There used to be a certain stigma in being described as a mature or part-time student. When the majority of a university’s population are full-time students under the age of 24, mature or part-time students can feel isolated because they do not have a voice. Not so at York University. Building on its long history of offering courses and meeting the needs of mature and part-time students, York has opened a new centre specifically geared to the unique needs of mature and part-time students.
The Atkinson Centre for Mature & Part-time Students (ACMAPS), located in Central Square on York’s Keele campus, celebrated its official opening on Nov. 5. Among the guests hosted by Norma Sue Fisher-Stitt, York’s associate vice-president academic learning initiatives and the new director of ACMAPS, were York President & Vice-Chancellor Mamdouh Shoukri and Charles Pascal, executive director of the Atkinson Charitable Foundation.
|Above: From left, Charles Pascal, Norma Sue Fisher-Stitt and Mamdouh Shoukri|
As the work environment changes, many people are re-entering the postsecondary environment to continue their education, follow a dream or retrain in a new profession. In 2006, 25 per cent of the student body at York University fit into the over-25 age demographic. Created to provide a voice for the growing numbers of mature and part-time students, ACMAPS provides a physical and philosophical home for these students while they are at York University. Staff include associate director Matthew Peattie, student adviser Edward Fenner and administrative coordinator Lan Yu. As awareness of the centre grows, more advisers will be added.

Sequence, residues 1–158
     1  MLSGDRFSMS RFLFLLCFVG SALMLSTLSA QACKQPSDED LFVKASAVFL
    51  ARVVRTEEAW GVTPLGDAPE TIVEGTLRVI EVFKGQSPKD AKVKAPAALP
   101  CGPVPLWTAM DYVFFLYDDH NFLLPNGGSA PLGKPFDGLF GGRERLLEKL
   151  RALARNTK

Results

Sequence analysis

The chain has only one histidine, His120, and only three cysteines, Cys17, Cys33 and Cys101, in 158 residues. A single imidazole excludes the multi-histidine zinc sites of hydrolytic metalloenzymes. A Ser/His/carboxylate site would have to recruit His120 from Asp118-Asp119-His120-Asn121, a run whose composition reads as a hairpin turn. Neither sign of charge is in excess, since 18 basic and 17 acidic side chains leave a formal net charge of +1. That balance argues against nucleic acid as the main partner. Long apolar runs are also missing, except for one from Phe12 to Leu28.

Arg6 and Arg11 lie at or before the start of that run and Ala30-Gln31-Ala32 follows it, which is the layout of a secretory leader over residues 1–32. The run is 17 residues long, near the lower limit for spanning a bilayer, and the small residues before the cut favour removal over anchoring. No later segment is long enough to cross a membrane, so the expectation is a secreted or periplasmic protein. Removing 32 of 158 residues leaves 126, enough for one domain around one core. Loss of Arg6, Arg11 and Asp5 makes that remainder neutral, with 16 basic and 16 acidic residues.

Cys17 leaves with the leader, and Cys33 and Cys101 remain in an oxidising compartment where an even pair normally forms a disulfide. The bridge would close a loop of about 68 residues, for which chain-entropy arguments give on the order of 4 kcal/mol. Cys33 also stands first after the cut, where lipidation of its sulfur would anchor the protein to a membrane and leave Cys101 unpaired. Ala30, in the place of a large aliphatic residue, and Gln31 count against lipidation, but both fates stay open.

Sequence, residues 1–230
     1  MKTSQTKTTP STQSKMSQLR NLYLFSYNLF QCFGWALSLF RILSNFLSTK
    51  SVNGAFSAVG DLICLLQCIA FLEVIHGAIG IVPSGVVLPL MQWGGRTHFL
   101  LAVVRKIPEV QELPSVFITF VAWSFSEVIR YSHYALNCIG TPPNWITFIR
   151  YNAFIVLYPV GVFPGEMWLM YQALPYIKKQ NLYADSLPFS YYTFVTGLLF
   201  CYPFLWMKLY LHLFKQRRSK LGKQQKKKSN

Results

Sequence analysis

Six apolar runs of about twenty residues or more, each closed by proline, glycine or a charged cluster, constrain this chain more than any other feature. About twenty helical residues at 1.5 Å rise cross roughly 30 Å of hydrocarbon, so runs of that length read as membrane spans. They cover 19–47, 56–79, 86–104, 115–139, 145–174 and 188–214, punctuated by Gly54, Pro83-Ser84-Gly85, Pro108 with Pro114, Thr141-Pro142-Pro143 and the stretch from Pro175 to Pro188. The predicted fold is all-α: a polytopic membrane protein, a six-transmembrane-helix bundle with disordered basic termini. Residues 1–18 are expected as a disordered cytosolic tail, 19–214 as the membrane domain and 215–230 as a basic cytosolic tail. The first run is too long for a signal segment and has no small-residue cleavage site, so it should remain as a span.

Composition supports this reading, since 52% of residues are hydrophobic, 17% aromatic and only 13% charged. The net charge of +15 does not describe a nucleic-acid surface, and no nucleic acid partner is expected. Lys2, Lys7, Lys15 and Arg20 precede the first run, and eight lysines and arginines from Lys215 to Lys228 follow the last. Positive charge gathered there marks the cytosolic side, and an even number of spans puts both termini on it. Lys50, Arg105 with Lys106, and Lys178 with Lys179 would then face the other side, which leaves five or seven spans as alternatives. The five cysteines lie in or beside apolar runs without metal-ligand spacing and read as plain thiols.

Although small at the moment, the centre has a mighty heart based in York’s long history of accessibility established by Atkinson College and later, the Atkinson Faculty of Liberal & Professional Studies.
"Atkinson’s traditional mandate was to meet the needs of mature and part-time students and the Faculty structured its programs and services so that part-time and mature students could study and complete their degrees through evening and summer course offerings," said Fisher-Stitt in her introductory remarks at the opening.
|Above: From left, Lan Yu, Norma Sue Fisher-Stitt, Edward Fenner and Matthew Peattie|
In recent years, Fisher-Stitt said. the student demographics in Atkinson, as well as the other Faculties, have changed in that all Faculties have students studying part-time, as well as full-time, and all Faculties have students whose access to courses requires more flexible course offerings: daytime, evenings, weekend and summer.
It was in response to this changing demographic in mind that ACMAPS was created, said Fisher-Stitt. "We are a pan-University centre with a mandate to raise awareness of the issues that affect mature and part-time students."
The centre will lead and facilitate initiatives to respond to the special needs of mature and part-time students and will advocate on their behalf.